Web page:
First analysis for a cyclist in the south of Vietnam : it’s flat, really flat. So even if it’s hot, you can ride your bike for a lot of kilometers. We understood quickly that we had to start our days early (6am) to make the most of the temperatures in the morning. Besides, we can’t really talk about cool temperatures as we know them in the middle of August in France. Here, there’s about half an hour when the air is enjoyable and then the heat is stiffling for the next six hours and a half. Once you know that, you live with it. Anyway when the sun is setting in the countryside (around 6pm) all the shops close and it’s time for us to have our last meal before getting to bed.
When you’re outside town villages stretch all along the road, hidden behind a luxuriant vegetation, so you never really know when they start and when they finish. We’re under the impression that there’s always a coffee shop or an hawker or a shop or a few houses along the road.
Here we feel like people depend on the earth. All kinds of delicious fruit are sold on the road. We love buying local products and so we enjoy that. In this region, the main production is pineapple. So we’ll be eating pineapple. When the main production is bananas, we eat bananas. Generally speaking it’s really easy to find products to eat or drink, even in tiny places. We eat what we can see growing in the distance. We love that kind of relationship with the environment. But what we don’t like is that Vietnamese people love packing the goods. There’s obviously no problem for them to use a lot of paper to cover what we buy. Street food is everywhere and there’re always a polystyrene container, a plastic bag, a glass, a straw… It’s easy to make reports like this one and not offer a solution, but it’s hard to see all kinds of garbage and other waste on the side of the road.
On the whole, we understood quickly how it was going to be like in Vietnam as far as ecology/environnementalism is concerned ! In Romania we needed a stick to make the dogs go away, here we need beautiful dust masks. Everbody’s wearing them, in fabric with Hello Kitty on it or disposable ones. It’s almost vital to breath on the road, in town or in the countryside. Is it really efficient when you know the atmosphere is so polluted ? Let’s say that we can avoid coughing too much with those masks. That’s better than nothing.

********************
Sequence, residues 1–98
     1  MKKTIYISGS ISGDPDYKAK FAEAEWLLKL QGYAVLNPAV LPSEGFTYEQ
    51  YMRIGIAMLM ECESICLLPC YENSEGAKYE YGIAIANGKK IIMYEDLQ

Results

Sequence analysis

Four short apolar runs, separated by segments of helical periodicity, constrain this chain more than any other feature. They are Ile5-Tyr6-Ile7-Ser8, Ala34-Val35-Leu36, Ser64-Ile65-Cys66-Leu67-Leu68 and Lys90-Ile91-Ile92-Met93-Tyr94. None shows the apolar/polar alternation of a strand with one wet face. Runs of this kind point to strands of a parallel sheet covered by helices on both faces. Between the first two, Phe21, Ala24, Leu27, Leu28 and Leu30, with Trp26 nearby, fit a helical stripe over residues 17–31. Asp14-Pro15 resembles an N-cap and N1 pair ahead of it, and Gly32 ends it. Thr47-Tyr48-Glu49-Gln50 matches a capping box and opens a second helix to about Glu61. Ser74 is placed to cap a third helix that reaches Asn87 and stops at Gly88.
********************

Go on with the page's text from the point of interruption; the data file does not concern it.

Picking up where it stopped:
When we were on the Eurovelo 6 trip, we wrote a lot about our relationships with the locals who were by far the best part of our trip. In Vietnam we are disillusioned. It seems it is forbidden for the people to accomdate strangers. So we said farewell to our nights in our tents in gardens and we have to settle for nha nghi, these cheap hostels. Besides, we discovered that nha nghi we used as hotels for prostitutes in the south. Our doubts were clearly blown when we saw condoms on the bedside table, posters fighting HIV and the grid with payments per hours… Vincent has often had problems with the manager. The latter didn’t understand that we were a couple and that we wanted to stay for the night not for an hour… No, noone is shocked that we came with our bikes and luggage just to have it off !
Our contacts are mostly warm but they’re limited to a mere consumption relationship. To them, let’s be clear, we are tourists. Wherever we went, even far away, even just to wanter around, we must make the same report. A few curious people on their scooters, speaking a little English asked us questions while we were riding on the road. But most of the time we’re not asked any questions. We don’t know if it’s because of a lack of interest or discretion. When Vietnamese people see two foreigners riding their bikes from nowhere… They don’t say a thing. There’s no need to write again on our communication problems. Like anywhere else we must make efforts to make ourself understood. And we’re not keen on talking with them because they’re distant and we don’t want to put our tent in their gardens.
So, on the whole, no memorable conversation with Vietnamese people, except for our host in Hô Chi Minh with whom we were happy to talk a little.
Today we’re already at the border of Cambodia and the few points of reference we had are going to be of no use. It’s a new start. It’s a bit sad because we had learnt a few words and we knew some prices (like the one for one kilo of bananas)… But finally we’re getting used quickly and we’re not worried about our trip. We know that we have to adapt to a new currency, a new language, a new culture. And it’s easy if you’re ready to sacrifice your own habits.
Peu importe la distance, peu importe la destination. Le plus important en voyage, vélo ou autre, est de profiter de l'instant présent. Que ce soit le paysage, les rencontres, la route, les longues instrospections ou les discussions endiablées… tout est prétexte à la découverte et à l'aventure. Reste à chacun d'en choisir le cadre.
Asie du sud-est Eurovélo 6 GR10 GR221 France Allemagne Suisse Roumanie Islande